As CBM is in the repository , we can simply install CBM in Debian, Ubuntu from their repository using apt manager. To do so, we'll need to execute the following command in a shell or terminal:

$ sudo apt-get install cbm

We simply need to run cbm in a shell or terminal as shown below:

$ cbm

Color Bandwidth Meter

18) bmon

Bmon or Bandwidth Monitoring is a tool that intended for debugging and monitor bandwidth in real-time access. This tool is capable to retrieving statistics from various input modules. It provides various output methods including a curses based interface,lightweight HTML output but also formatable ASCII output.

bmon is available in the repository, so we can install it in Debian, Ubuntu from their repository using apt manager. To do so, we'll need to run the following command in a shell or terminal.

$ sudo apt-get install bmon

We can run bmon and monitor our bandwidth status using the command below.

$ bmon

bmon

19) tcpdump

TCPDump is a tool for network monitoring and data acquisition. It can save lots of time and can be used for debugging network or server related problems. It prints out a description of the contents of packets on a network interface that match the boolean expression.

tcpdump is available in the default repository of Debian, Ubuntu so, we can simply use apt manager to install it under sudo privilege . To do so, we'll need to run the following command in a shell or terminal.

$ sudo apt -get install tcpdump

tcpdump is also available in the repository of Fedora, CentOS, RHEL so, we can install it via yum manager as:

# yum install tcpdump

tcpdump needs to be run in root permission or superuser. We'll need to execute tcpdump with the network interface name we wanna monitor the TCP connections of. Here, we've wlan2 so will be using it as:

$ sudo tcpdump -i wlan2

tcpdump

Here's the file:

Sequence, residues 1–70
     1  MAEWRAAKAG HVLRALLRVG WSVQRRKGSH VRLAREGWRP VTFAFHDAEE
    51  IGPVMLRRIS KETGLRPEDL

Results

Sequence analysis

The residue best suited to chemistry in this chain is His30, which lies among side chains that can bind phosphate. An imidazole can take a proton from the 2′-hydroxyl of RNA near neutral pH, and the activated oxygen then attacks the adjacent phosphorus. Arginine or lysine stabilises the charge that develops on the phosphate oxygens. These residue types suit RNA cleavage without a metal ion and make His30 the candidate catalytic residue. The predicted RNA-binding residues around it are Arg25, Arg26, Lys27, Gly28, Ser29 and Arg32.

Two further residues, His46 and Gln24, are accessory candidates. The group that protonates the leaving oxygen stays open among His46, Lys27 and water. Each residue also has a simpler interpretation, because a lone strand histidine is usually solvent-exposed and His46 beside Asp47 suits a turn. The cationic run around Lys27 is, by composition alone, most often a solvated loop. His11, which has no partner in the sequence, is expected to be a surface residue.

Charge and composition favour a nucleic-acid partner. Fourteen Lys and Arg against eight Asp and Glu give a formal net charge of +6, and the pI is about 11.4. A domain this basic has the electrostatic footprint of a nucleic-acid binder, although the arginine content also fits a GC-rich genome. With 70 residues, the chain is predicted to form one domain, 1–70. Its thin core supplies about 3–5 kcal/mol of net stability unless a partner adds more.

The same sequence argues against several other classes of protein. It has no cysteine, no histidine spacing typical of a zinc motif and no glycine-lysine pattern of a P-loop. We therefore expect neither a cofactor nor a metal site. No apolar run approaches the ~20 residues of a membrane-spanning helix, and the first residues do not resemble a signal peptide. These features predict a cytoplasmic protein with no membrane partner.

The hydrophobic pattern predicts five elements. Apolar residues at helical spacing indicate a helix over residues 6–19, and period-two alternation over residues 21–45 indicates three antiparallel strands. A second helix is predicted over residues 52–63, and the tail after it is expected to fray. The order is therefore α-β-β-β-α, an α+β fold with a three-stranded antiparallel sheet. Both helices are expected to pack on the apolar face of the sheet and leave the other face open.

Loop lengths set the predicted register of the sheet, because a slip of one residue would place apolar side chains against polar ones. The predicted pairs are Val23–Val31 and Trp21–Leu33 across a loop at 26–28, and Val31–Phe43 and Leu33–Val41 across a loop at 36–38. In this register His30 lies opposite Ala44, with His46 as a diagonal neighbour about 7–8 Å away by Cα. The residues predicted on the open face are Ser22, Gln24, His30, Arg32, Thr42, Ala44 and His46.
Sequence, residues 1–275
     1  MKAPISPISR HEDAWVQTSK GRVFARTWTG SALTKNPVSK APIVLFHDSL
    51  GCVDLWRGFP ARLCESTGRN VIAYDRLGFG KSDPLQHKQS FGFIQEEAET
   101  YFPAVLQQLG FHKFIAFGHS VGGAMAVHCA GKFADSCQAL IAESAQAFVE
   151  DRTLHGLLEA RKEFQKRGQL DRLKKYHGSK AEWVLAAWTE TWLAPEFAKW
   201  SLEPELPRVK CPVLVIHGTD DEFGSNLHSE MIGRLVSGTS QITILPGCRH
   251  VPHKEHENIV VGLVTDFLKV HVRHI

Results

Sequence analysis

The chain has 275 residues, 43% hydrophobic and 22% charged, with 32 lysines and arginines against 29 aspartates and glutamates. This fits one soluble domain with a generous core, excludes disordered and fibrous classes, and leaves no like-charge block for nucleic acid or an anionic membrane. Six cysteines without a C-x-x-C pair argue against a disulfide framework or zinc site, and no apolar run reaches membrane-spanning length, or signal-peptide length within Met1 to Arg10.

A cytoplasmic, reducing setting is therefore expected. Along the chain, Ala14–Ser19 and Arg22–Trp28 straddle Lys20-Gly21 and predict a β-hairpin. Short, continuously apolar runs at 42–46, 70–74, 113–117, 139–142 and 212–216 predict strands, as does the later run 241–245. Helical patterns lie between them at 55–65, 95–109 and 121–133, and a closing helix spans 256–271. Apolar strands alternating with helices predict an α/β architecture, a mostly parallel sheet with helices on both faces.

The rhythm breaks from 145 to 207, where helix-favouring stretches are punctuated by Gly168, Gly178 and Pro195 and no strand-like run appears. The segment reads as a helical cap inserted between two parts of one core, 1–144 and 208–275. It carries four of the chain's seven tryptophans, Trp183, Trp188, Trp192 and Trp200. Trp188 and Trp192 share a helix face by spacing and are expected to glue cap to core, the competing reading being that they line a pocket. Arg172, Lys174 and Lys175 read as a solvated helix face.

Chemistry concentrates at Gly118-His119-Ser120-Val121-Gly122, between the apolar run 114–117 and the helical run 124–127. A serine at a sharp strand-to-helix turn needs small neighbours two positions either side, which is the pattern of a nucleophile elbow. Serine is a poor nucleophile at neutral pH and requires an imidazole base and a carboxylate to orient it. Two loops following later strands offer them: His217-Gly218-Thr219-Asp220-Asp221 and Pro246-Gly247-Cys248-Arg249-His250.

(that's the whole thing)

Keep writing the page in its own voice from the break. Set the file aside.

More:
If you want to monitor to a specific port only, then can run the command as follows. Here is the example for port 80 (webserver).

$ sudo tcpdump -i wlan2 'port 80'

tcpdump port

20) ntopng

ntopng is the next generation version of the original ntop. It is a network probe that shows network usage in a way similar to what top does for processes. ntopng is based on libpcap and it has been written in a portable way in order to virtually run on every Unix platform, MacOSX and on Win32 as well.

To install ntopng in Debian, Ubuntu system, we'll first need to install the required dependencies packages to compile ntopng.  You can install them all by running the below command in a shell or a terminal.

$ sudo apt-get install libpcap-dev libglib2.0-dev libgeoip-dev redis-server wget libxml2-dev build-essential checkinstall

Now, we'll need to manually compile ntopng for our system as:

$ sudo wget http://sourceforge.net/projects/ntop/files/ntopng/ntopng-1.1_6932.tgz/download
$ sudo tar zxfv ntopng-1.1_6932.tgz
$ sudo cd ntopng-1.1_6932
$ sudo ./configure
$ sudo make
$ sudo make install

Now, you should have your ntopng installed in your Debian or Ubuntu system.

We have already covered tutorial on ntopng usages. It is available in both command line and web interface. We can go ahead to get knowledge on it.

Conclusion

In this first part we covered some network load monitoring tools for linux that are very helpful to a sysadmin and even a novice user. Each one of the tools covered in this article has its own specifics, different options but at the end they all help you to monitor your network traffic.

Filed Under : MONITORING, NETWORK